Even the most seemingly benign workplace in Bergen County may put a worker in harm’s way. Whether someone lifts heavy loads or sits at a desk, for example, the spine is at risk for serious issues. The U.S. Department of Labor gathers the statistics for all workplace-related illnesses and injuries via an employer reporting system. By taking a look at the most recent numbers for New Jersey, researchers can analyze the safety of various industries, and develop improvements to prevent further harm.
In the private sector, illnesses only accounted for 4.4 percent of the recorded issues employees suffered, and 32 percent of the 3,100 cases involved breathing conditions, skin problems and hearing loss. Roughly 68,800 sustained injuries on the job. Including both categories, there were 40,900 workers who missed work for days, were restricted from performing their normal job duties or required a transfer to a new job. More than 31,000 suffered less severe issues that were significant enough to be reported, but did not lead to restriction or transfer, and the employees did not miss days of work.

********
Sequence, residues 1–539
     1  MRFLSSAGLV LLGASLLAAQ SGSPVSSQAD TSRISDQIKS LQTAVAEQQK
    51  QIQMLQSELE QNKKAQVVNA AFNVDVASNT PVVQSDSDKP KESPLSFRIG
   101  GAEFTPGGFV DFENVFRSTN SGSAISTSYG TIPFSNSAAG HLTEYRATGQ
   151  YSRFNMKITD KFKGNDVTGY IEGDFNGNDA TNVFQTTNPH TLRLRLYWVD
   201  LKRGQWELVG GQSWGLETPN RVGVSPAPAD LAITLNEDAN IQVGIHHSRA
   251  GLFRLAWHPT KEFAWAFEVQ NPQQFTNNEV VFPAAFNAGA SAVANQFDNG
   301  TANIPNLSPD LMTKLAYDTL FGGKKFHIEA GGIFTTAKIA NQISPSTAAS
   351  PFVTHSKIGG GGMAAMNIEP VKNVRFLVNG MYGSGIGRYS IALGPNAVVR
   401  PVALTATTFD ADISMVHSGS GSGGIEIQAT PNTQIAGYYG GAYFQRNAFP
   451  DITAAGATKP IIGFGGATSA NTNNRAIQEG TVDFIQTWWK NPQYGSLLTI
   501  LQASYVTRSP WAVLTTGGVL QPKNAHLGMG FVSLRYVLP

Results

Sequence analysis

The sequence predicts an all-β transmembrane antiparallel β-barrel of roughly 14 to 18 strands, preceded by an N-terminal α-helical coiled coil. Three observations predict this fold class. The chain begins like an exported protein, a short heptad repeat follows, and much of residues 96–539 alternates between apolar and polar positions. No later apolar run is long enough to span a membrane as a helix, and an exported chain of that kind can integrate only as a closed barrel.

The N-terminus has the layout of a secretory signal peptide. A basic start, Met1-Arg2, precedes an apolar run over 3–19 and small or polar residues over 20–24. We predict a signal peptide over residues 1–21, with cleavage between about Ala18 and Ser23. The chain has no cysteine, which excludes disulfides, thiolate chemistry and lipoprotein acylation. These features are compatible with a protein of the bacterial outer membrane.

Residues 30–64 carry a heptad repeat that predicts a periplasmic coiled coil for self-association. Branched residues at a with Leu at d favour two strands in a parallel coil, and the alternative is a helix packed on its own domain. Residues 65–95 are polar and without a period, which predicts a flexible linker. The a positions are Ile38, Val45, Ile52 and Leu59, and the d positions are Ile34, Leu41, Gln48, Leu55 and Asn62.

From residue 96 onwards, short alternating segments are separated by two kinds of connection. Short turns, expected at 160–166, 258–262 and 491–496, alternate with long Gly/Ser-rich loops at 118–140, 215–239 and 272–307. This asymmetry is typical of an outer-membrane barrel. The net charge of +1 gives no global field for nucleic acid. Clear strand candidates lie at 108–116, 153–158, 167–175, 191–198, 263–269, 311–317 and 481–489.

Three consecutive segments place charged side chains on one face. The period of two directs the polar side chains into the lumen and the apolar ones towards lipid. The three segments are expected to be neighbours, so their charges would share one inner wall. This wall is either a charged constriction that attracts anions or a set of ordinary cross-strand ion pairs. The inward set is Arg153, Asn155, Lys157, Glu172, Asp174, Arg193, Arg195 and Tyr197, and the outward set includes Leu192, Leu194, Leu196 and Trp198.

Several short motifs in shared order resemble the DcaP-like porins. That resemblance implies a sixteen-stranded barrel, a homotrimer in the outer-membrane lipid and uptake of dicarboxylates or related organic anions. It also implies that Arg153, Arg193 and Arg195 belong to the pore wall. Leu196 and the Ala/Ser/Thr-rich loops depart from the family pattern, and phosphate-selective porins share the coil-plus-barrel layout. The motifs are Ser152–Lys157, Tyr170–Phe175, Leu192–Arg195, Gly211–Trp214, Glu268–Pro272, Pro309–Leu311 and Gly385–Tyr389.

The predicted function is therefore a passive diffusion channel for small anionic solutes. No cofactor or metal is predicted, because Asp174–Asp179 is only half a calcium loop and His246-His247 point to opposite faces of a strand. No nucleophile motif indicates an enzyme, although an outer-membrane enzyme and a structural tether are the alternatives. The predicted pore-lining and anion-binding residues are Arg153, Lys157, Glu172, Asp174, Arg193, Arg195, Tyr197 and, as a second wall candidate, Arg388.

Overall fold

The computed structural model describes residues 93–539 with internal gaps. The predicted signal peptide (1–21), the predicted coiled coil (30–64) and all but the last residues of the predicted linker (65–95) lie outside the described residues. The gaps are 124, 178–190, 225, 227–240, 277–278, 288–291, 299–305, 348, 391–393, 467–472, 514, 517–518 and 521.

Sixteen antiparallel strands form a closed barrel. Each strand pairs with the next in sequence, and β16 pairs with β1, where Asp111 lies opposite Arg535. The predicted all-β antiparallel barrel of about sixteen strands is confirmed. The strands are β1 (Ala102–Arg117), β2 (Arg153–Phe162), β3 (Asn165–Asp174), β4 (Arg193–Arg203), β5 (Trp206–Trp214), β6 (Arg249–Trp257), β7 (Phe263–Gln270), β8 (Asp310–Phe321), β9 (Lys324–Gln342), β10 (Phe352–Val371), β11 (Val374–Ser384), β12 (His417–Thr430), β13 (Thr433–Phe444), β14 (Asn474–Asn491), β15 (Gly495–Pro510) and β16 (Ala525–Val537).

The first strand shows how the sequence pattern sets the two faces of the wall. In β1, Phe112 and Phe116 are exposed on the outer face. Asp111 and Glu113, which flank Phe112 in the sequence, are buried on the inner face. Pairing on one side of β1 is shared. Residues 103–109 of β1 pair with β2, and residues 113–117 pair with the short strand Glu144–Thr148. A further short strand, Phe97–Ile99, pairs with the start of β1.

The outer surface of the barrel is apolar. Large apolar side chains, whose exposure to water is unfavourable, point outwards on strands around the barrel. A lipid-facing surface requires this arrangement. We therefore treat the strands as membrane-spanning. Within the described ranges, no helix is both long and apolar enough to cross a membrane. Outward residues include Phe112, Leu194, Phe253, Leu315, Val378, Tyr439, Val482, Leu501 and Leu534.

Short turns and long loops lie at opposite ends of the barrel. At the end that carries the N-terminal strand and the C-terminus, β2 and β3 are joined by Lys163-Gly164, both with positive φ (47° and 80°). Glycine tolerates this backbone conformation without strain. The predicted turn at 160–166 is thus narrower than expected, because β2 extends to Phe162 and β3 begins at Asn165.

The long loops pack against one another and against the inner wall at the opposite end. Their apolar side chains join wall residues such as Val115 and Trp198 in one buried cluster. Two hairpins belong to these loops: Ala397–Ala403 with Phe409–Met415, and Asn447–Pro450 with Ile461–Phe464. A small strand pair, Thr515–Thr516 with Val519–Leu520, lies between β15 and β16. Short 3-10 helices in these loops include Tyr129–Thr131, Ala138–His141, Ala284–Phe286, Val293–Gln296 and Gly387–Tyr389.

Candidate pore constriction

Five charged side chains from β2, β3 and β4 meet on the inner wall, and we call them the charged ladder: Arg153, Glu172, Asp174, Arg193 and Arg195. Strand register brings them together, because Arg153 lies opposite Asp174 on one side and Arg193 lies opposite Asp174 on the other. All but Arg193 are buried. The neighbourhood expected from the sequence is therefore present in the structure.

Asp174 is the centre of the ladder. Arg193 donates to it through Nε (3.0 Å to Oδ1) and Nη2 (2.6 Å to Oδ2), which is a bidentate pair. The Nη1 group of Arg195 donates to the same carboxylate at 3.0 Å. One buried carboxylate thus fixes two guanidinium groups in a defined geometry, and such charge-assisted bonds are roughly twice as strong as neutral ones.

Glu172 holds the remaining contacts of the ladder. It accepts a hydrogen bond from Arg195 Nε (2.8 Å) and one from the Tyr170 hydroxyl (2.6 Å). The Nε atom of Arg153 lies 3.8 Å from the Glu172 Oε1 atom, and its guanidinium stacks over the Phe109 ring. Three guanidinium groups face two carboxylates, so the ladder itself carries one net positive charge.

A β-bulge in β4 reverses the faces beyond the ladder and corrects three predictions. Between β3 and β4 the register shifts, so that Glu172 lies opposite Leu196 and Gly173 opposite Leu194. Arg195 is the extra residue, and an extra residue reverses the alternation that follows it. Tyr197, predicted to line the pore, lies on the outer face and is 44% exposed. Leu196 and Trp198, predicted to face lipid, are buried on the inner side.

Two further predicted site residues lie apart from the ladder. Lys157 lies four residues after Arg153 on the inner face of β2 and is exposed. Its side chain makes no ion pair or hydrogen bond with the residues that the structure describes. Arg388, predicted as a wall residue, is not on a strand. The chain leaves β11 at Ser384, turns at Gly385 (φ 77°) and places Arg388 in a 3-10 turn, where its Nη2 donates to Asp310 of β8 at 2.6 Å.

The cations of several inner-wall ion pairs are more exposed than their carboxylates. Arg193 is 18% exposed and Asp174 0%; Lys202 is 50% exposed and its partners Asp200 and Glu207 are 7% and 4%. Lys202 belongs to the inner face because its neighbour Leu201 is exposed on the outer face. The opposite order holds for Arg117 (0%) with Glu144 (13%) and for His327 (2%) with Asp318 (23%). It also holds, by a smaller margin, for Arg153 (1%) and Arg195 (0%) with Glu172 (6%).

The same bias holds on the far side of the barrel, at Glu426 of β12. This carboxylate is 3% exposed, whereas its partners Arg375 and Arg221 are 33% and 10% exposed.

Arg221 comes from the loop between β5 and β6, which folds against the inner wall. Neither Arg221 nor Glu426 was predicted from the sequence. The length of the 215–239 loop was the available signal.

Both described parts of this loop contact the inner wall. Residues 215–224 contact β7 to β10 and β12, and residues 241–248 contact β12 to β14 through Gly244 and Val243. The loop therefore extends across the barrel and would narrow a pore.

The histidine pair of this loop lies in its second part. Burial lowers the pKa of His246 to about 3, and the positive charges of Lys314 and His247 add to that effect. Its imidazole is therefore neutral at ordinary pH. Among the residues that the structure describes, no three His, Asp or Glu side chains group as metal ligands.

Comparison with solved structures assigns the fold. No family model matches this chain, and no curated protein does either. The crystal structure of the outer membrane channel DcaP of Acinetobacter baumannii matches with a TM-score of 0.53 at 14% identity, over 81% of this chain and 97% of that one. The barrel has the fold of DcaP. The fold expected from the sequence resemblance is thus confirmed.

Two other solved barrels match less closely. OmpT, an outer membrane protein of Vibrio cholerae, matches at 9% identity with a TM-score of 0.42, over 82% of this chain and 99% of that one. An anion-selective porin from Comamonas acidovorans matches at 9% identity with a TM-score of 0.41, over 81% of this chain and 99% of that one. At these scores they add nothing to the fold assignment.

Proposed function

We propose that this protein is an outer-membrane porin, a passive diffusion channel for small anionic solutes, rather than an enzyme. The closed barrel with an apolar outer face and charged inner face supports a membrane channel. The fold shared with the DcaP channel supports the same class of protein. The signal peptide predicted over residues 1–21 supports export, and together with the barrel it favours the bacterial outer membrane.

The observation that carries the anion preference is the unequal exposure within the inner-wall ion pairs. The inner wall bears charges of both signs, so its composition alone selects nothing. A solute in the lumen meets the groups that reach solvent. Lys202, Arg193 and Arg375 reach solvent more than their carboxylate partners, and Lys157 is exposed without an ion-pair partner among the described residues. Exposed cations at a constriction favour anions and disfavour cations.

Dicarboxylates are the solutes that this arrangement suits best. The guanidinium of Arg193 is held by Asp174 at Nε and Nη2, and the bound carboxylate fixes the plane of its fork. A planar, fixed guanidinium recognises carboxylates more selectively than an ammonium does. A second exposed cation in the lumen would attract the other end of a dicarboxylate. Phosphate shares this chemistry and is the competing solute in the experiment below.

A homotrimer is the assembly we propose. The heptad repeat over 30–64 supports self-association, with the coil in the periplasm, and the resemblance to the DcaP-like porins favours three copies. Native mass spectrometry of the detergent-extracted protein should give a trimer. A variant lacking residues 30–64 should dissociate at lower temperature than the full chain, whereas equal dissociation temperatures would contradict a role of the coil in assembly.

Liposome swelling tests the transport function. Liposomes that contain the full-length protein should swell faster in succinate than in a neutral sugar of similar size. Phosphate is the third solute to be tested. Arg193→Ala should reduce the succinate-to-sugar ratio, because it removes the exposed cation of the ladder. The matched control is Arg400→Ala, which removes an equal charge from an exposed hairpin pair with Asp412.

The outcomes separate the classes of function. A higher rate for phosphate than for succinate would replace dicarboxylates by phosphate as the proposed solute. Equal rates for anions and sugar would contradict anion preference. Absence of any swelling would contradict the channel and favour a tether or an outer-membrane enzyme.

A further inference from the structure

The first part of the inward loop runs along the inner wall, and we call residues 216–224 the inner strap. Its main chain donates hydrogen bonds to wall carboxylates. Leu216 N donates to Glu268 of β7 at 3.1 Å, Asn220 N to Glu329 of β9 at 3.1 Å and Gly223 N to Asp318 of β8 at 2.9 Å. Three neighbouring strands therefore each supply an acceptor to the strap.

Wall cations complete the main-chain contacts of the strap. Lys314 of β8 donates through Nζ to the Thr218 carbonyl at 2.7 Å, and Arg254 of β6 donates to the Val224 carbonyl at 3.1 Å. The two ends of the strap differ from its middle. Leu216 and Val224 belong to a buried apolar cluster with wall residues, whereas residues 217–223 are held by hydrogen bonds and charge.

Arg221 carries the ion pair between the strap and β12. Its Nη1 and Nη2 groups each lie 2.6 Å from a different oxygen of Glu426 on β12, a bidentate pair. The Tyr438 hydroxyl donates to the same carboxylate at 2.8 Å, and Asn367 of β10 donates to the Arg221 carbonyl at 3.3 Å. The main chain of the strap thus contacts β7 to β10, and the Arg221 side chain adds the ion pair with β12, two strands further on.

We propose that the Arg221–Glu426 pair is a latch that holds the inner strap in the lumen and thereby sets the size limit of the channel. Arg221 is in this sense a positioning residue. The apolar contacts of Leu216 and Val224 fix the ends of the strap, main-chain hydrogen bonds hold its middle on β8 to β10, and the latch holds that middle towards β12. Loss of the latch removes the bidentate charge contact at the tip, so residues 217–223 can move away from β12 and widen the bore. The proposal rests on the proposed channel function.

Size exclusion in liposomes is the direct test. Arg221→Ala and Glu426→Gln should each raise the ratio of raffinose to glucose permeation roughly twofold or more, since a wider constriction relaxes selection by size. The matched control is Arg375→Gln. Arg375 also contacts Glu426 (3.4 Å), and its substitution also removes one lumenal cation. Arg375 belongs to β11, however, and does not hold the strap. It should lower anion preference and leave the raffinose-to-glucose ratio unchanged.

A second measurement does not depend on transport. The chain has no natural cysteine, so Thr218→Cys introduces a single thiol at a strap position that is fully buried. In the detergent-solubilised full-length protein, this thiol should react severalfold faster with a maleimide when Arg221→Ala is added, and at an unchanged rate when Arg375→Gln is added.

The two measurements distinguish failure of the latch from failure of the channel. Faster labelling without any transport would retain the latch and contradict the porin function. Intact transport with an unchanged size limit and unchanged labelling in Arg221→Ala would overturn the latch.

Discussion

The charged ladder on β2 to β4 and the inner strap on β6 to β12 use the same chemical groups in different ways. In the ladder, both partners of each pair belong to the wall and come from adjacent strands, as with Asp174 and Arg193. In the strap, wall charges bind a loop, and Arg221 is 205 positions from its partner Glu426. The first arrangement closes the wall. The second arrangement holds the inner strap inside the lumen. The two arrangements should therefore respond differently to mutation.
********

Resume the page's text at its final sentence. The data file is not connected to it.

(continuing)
Government employees are not exempt from the same hazards. The 22,000 workers affected in these jobs totaled 5.6 out of every 100, compared to 2.7 per 100 for the private industry, with local government employees sustaining the brunt of these.
These 72,000 New Jersey workers were not without recourse. According to the State of New Jersey’s Department of Labor and Workforce Development, an employer’s workers’ compensation insurance almost always covers the cost of medical expenses and a portion of lost wages. The employee has the responsibility to report the issue to the employer immediately, so that health care can be pursued.